Finally, Miller asserts that the victim was shown an unduly suggestive photograph that tainted the identification procedure, and thus, due process of law was violated when evidence of this irreparably mistaken identification was used at trial. (Amended Petition at Ground Five). Miller raised this claim pretrial, and a Wade*fn6 hearing was conducted on December 5, 2005, after a jury was selected but before the trial began. Testimony was heard from witnesses, Pennsylvania State Trooper Barletto, New Jersey Detective-Sergeant Brown, victim Rajeshbhai Patel, and New Jersey State Trooper Brian Graupe. At the conclusion of testimony and evidence (which included a photo array and composite photo), the trial judge rendered his decision on Miller's motion, as follows:
... We heard the testimony of Officer Barletto, who talks about the method that Pennsylvania used to assemble photo lineup. That photo lineup is precisely the photo lineup which was shown in the victim in this case, which was shown by an impartial viewer who was sergeant, or this one acting Lieutenant, G-R-A-U-P-E, Brian Graupe.
On the 22nd day of November 2004 there was an armed robbery allegedly at Smitty's Liquor Store. The police arrived on the scene after being called by a passerby who had noticed Mr. Patel bleeding in the store and called for their assistance. Through a sort of unique combination of police work this defendant became a suspect in that robbery.
The New Jersey State Police had sent at the request of Pennsylvania recent photograph of Mr. Miller allegedly to Pennsylvania, which was used in the lineup there. That lineup was then sent to New Jersey and Sergeant Brown retained the assistance of Lieutenant Graupe to actually show these pictures to the victim.
On the 23rd of November, both Lieutenant Brown and Graupe arrived at Smitty's Liquor Store. Mr. Patel was asked to join Trooper Graupe in the supply room where there was a desk and an identification process was undergone.
The officer testified, the court believes, that what the testimony of the officer is that he prepared S-13 [photo array] and read it to Mr. Patel and Mr. Patel appeared here with the benefit of a native interpreter, but he does appear to understand the English language. The officer indicates he read him the preamble in S-13 indicating that we are going to show you a series of pictures. They may not contain the pictures of the suspect and it's best that an innocent person be free of suspicion than to wrongfully identify an innocent person.
The court is aware of the cross-racial identification issues, which may exist in this case, however, those may be better dealt with by a fact finder, namely the jury in this case.
At any rate, the officer testified that at the time he interviewed Mr. Patel, the item was not stapled as it is today and each picture was shown separately to the victim and the victim was asked if he could identify photograph number one. He said he could not and then went through in a serial fashion until they reached photograph number four.*fn7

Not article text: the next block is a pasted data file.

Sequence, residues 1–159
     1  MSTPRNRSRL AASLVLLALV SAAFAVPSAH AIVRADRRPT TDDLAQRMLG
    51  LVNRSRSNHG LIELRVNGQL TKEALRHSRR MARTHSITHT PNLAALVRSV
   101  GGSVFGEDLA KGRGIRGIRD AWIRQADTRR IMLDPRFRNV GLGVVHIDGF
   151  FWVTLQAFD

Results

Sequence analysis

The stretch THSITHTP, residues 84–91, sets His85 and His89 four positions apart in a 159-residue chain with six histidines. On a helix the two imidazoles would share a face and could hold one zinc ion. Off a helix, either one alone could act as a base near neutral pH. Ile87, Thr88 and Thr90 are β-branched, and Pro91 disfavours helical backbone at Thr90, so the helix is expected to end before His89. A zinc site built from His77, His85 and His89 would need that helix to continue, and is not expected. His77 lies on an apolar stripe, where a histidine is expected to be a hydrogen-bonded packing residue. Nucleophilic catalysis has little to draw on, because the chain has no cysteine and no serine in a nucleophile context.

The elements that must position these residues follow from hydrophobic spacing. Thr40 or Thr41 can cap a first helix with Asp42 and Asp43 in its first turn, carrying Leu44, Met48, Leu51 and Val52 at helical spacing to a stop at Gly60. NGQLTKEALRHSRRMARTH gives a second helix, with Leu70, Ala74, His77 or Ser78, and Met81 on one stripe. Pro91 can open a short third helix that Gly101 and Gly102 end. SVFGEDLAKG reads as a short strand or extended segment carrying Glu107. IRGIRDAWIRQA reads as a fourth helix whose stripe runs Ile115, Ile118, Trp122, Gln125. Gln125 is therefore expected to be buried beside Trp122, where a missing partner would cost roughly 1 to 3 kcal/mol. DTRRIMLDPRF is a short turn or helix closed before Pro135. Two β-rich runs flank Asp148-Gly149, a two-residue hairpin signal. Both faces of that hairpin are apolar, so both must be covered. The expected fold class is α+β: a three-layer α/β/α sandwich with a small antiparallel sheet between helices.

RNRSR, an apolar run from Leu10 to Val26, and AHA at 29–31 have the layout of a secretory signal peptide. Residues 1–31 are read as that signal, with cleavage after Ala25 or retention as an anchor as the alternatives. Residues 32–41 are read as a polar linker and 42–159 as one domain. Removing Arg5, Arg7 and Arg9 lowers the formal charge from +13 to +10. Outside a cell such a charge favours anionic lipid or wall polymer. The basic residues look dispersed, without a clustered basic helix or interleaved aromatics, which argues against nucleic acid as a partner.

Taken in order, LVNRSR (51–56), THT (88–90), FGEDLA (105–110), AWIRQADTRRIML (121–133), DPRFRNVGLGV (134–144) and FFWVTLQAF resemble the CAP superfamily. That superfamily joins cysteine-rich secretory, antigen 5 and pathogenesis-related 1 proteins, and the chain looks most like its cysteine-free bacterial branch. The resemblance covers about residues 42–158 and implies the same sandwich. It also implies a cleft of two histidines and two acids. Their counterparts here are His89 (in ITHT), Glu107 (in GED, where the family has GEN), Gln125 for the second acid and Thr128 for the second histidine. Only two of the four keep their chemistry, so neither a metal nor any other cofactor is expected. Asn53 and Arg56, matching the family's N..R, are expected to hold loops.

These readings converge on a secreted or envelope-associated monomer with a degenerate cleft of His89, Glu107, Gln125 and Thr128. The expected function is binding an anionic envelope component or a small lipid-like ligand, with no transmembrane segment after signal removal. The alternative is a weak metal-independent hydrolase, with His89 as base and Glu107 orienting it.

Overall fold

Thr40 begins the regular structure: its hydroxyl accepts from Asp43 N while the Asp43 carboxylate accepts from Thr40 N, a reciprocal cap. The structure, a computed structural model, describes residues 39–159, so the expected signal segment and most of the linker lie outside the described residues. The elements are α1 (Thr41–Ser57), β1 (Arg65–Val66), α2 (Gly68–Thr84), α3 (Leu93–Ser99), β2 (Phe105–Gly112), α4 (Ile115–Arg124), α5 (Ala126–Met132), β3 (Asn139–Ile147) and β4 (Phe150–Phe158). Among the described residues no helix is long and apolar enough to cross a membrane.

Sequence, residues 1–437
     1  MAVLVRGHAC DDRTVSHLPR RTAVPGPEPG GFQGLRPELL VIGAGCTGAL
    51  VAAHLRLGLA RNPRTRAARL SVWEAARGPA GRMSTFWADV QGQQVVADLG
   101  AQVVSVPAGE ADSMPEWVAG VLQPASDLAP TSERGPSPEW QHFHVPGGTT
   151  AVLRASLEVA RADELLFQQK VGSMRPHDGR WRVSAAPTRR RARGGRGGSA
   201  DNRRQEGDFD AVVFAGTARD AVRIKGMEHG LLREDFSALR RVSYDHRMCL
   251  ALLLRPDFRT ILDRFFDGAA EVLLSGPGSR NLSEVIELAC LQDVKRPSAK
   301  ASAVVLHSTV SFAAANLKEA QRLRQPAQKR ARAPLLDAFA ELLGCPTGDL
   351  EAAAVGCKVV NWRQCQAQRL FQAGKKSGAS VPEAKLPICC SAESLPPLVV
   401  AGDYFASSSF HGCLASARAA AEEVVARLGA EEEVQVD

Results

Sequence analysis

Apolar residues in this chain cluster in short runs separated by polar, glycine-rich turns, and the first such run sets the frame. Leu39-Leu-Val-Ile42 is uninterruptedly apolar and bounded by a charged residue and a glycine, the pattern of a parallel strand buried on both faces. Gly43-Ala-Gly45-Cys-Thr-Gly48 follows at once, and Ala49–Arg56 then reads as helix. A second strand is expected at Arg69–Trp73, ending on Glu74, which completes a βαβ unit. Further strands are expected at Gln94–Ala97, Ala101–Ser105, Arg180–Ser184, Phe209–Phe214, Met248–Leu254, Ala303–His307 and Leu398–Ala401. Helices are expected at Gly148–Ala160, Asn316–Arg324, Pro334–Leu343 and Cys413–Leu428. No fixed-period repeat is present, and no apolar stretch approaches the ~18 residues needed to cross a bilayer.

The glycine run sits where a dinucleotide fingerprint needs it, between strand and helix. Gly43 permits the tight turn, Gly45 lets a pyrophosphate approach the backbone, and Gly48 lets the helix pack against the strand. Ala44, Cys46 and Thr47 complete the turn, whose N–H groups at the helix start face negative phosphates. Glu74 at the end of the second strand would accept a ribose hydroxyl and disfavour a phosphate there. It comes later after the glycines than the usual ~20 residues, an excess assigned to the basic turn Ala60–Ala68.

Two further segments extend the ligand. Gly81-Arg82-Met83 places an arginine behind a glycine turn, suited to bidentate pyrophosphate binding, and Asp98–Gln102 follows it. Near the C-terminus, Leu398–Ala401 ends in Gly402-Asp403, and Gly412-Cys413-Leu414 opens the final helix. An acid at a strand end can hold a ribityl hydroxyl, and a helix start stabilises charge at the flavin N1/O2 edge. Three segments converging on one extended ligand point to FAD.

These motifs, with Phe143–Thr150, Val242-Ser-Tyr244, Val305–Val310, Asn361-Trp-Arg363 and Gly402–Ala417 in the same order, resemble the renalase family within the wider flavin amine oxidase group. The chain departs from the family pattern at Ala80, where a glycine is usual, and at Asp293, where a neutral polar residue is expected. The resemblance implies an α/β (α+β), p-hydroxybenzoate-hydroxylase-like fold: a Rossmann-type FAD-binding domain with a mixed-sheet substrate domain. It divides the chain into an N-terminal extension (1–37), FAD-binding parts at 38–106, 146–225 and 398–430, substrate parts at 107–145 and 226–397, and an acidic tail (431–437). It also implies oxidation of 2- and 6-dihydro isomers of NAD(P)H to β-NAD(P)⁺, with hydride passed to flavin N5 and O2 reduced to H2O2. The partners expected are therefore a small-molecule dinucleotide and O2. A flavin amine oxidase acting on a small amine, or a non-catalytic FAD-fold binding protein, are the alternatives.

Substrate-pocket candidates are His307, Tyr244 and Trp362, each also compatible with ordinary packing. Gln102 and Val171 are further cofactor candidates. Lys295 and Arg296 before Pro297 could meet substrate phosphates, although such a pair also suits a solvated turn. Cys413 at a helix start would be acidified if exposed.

The defendant [sic] said that's, get the exact words of the detective, that's the guy. That's him. The officer indicated that he had Mr. Patel sign his name on picture number five with the date and the time of the identification. Contrary to defendant's belief, the signature was not on that page, prior to showing it to the victim. Mr. Patel then testified and the officer indicated that Mr. Patel immediately responded to question number five and said that's him, that's the guy.
Mr. Patel indicated that this was not the first time that he had seen the defendant. He recalled that four or five times prior to the incident in question Mr. Miller, now he knows Mr. Miller, was in his convenience store or liquor store prior to this occasion and on approximately a three month period before this incident Mr. Miller had been in and out, but there had been a time period that he had not returned. So mr. Patel had frequent opportunities to witness Mr. Miller in the store. The day in question I gather would be frozen in mr. Patel's mind as he came back with the potato salad requested by the defendant, the defendant grabbed him by the neck after having slashed him in the face, held his neck and cleaned out the cash register.
Mr. Patel is pretty sure of his identity. He had some trouble looking at pictures and I could understand when you are looking at pictures you are looking at a mirror image and on the frontal view. The scar is on the left of the nose, mirror image. And the scar on Mr. Miller's nose is on the right. I should note that there was some cosmetic affect. Mr. Miller came to court today and his nose was she [sic] padded. That's okay. For whatever reason the nose appeared to be the outstanding identifying factor that Mr. Patel had in his mind with Mr. Miller. He was questioned, he had a scar on the right side of Mr. Miller's face as you face him.
The function of the court is to determine whether or not the note the photo array in this case was so impermissible suggestive that the defendant would be prejudiced thereby. And although it did not comply, completely with the Attorney General guidelines, the officer testified that he supplied to him what the process was going to be, he showed the picture one at a time. They were separately attached. These are photographs which appear pretty clear to court, raising any particular suspicion, except photograph number five. The defendant is looking kind of down a little bit where in the other photographs he is looking directly at the viewer.